Great Alpine Road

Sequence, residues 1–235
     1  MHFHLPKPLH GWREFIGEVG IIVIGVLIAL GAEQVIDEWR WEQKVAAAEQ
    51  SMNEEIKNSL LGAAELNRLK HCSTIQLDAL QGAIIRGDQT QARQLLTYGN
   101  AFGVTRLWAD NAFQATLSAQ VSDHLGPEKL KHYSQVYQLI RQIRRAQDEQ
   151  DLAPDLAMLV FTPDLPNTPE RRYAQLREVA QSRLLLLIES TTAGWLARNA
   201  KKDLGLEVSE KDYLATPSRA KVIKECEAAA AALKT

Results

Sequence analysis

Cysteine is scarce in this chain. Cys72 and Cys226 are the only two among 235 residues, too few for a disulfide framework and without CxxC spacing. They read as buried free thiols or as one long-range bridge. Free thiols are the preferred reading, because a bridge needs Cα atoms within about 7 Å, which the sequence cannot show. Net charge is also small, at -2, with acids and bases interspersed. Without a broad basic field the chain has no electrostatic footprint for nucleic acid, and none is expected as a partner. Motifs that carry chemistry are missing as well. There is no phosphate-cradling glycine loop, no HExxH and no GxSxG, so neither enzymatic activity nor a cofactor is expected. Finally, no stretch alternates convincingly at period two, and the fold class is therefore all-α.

The focus of discussion shifted last week from the future of automobile safety and vehicle technologies and what this change would herald for the private consumer and large commercial fleets, such as rental car operators, in Sydney for example, to the popular topic of touring Australia by car. This may seem a somewhat esoteric change of discussion topic, yet the two may be more closely related than any superficial glance will suggest. For example, imagine a car that can drive with minimal human interference, and now imagine it taking you on a scenic drive through Australia’s many stunningly diverse landscapes, all whilst you relax! So car technology may not yet be that advanced, but the latest series of articles regarding the future of electronic vehicular technology highlights recent advancements in safety technologies and electronic suites, and these suggest that cars manufacturers will be capable of delivery an autonomous vehicular experience in the next 15 years. Suddenly, the notion of a self-driving holiday car does not appear be such an elusive concept, indeed it seems quite plausible, even potentially enjoyable. But until that moment comes, we will have to be satisfied with the ability to drive ourselves along the stunning scenic routes that traverse this large and diverse country. Having last week covered the eminent ‘Great Ocean Road’ in Victoria, it seemed fitting the following week to cover the mountain equivalent to the world famous ocean road. Often referred to, by a stroke of originality, as the ‘Great Alpine Road’, the 308 kilometre drive, running from Wangaratta in the north to Bairnsdale in the east, passes through the Australia Alps, winding along valleys, through forests, past lofty mountains and rivers, vineyards and farms. The ‘Great Alpine Road’, in Victoria’s high country, is Australia’s highest year-round accessible sealed road, with some sections receiving snow during winter months. Extreme weather conditions can sometimes still result in road closures between certain sections, although it is cleared on a daily basis during less extreme conditions. The road itself has existed since colonial times in some form, but was unsealed for much of its history, and was only given the designation of the ‘Great Alpine Road’ after being fully sealed in 1998. Attractions include the Mount Buffalo National Park, popular tourist town Bright, the Mount Hotham and Dinner Plain alpine resorts, the historic gold rush township of Omeo, the folk art by sculpture Mr. Stringy, enjoying the stunning scenery and spectacular views, and of course the challenging drive. If you love driving and want to take the opportunity to visit more of this amazing country then take the time to learn more about the many diverse and historic routes that criss-cross the country, if your in need of a vehicle, or your personal vehicle is just too small, then consider car rental in Sydney and other major cities, as an affordable means of transport.